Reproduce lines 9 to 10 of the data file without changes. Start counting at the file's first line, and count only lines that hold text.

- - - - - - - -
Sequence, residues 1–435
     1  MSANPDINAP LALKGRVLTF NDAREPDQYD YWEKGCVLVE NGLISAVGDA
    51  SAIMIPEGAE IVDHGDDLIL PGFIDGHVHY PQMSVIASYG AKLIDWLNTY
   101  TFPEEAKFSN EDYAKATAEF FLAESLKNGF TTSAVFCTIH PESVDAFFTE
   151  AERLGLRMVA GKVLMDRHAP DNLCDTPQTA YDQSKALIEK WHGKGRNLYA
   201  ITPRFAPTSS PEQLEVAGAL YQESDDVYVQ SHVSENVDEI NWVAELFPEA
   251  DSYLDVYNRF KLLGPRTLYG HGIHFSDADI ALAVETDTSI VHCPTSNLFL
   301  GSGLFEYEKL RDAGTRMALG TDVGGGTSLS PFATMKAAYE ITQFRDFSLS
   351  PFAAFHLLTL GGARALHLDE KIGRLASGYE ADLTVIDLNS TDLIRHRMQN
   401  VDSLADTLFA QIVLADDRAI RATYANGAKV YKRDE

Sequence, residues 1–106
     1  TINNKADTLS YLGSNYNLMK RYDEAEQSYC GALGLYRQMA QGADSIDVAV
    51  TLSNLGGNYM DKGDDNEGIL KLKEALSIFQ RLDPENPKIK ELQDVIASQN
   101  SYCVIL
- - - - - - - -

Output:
   351  PFAAFHLLTL GGARALHLDE KIGRLASGYE ADLTVIDLNS TDLIRHRMQN
   401  VDSLADTLFA QIVLADDRAI RATYANGAKV YKRDE